Volume 92, Issue 27

Thursday, October 22, 1998

mark's going to jail


Don't believe the hype


Mechanical Animals


The fact that this latest offering from the self proclaimed antichrist superstar is one of the most talked about releases of the year says a great deal about the banality of today's musical climate. Although Manson would love for the general listening public to believe he's a model of originality and innovation, every aspect of this record is either trite or derivative.

It's obvious just from looking at the liner notes that Manson's latest gimmick is to emulate glam rock icons from bygone eras, most notably David Bowie. Never one for subtlety, Manson has even formed his own fictional band, presumably as an homage to Ziggy Stardust and the Spiders From Mars. Rather nauseatingly, he's dubbed them "Omega and the Mechanical Animals" and it's almost enough to make you feel sorry for the poor guy. Almost.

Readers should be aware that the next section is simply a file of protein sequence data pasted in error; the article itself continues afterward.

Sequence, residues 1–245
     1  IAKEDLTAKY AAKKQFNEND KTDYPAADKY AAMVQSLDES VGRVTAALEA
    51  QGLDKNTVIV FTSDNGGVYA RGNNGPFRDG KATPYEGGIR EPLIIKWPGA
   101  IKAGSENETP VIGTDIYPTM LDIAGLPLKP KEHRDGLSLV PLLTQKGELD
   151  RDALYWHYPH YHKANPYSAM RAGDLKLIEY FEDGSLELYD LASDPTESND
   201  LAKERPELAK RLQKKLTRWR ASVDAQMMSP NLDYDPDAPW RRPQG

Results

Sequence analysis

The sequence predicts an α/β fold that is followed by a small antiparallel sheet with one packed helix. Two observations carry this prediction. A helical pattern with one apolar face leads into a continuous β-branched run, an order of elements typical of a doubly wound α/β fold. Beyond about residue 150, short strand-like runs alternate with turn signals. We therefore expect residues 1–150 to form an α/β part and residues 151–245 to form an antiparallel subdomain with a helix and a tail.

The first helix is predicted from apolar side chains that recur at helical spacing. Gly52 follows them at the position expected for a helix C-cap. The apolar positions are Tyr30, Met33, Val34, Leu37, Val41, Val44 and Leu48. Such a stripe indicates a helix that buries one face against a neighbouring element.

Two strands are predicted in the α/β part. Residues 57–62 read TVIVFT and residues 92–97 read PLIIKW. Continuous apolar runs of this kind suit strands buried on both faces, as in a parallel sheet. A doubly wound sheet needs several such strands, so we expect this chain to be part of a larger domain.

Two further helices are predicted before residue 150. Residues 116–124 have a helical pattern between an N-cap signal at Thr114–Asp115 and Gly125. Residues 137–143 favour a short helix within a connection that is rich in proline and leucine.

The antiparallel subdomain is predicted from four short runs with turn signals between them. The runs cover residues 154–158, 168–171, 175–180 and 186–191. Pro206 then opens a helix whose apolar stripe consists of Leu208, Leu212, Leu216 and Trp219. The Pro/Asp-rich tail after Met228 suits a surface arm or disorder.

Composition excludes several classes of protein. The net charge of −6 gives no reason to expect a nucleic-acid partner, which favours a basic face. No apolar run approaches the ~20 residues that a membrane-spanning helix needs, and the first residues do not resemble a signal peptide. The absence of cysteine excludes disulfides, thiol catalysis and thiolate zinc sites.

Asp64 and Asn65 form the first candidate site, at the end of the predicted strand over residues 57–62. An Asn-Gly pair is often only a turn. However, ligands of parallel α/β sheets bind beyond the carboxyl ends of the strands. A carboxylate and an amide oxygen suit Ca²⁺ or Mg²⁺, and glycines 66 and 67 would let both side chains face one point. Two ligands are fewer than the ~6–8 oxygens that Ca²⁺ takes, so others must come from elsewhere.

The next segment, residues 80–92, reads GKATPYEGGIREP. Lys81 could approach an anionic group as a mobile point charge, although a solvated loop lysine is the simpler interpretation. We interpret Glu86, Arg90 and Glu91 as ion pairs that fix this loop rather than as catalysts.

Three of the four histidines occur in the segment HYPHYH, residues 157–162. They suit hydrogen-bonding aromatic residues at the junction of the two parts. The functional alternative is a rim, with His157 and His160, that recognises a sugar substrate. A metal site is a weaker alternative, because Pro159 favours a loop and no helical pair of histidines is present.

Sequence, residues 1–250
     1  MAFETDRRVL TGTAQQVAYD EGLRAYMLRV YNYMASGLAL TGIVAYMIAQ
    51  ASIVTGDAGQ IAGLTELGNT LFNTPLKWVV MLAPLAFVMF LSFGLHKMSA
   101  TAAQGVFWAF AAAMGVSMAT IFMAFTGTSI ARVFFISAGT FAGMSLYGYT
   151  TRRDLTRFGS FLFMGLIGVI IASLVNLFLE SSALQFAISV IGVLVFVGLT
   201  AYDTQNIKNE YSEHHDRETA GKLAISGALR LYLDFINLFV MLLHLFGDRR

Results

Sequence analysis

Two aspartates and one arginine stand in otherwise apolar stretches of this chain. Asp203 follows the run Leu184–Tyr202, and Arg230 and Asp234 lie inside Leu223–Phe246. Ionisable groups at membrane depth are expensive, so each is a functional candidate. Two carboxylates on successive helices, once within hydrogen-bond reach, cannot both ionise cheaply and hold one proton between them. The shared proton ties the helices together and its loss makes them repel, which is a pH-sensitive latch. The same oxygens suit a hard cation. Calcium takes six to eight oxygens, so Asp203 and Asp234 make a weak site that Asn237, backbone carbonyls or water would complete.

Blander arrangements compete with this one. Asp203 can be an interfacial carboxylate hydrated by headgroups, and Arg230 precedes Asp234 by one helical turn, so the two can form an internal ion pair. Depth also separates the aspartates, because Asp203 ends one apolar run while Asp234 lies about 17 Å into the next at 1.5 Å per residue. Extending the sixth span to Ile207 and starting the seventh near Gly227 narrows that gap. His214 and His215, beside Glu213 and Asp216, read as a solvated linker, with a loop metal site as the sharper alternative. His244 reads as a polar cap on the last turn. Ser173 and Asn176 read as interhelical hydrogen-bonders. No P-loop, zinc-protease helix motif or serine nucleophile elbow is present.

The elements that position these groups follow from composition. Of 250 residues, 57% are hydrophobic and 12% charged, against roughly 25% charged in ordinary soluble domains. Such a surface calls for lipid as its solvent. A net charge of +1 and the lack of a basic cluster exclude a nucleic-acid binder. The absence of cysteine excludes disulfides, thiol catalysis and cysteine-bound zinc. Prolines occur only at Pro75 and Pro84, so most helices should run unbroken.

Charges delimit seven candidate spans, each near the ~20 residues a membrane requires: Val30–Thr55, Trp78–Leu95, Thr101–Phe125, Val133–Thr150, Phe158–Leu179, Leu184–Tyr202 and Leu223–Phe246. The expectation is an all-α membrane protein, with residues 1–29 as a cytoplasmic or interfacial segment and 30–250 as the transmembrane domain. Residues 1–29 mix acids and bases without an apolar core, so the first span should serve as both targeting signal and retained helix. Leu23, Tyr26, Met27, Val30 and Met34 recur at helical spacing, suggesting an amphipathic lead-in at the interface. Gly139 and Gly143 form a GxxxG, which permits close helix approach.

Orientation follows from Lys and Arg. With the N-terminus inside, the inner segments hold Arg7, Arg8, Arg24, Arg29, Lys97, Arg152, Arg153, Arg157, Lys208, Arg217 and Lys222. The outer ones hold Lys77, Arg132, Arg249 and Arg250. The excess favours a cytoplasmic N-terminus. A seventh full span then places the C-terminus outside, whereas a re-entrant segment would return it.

Manson's reverence for Bowie isn't limited strictly to the liner notes. Mechanical Animals is an album positively brimming with thick guitars, campy choruses and theatrical sensibilities. It's almost as if Manson used each song off of Bowie's Diamond Dogs as a template for this record. Unfortunately, there is a difference between wryly wearing your influences on your sleeve and unabashedly plundering someone else's ideas.

It's sad to think Manson attaches religious significance to his lyrics. Mechanical Animals is loaded with deliberate and contrived attempts to antagonize and offend, but does not offer any real content. On "Coma White," the album's centrepiece, Manson snarls "a pill to make you numb, a pill to make you dumb, but all the drugs in this world won't save her from herself." It's meant to be moving and dynamic, yet it comes off as being insincere and pretentious.

That said, there are some decent songs here. Unfortunately, in order to enjoy them, you must learn to disregard the bulk of Manson's peripheral baggage. If you can somehow manage to ignore his well-calculated attempts at provoking controversy, his tired campaign to delimit sexuality in the '90s and his exasperating tendency to bill himself as a viable alternative to organized religion, then you may just enjoy this album.

Then again, that's a lot of ifs. Do yourself a favour and buy a David Bowie record instead.


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Copyright The Gazette 1998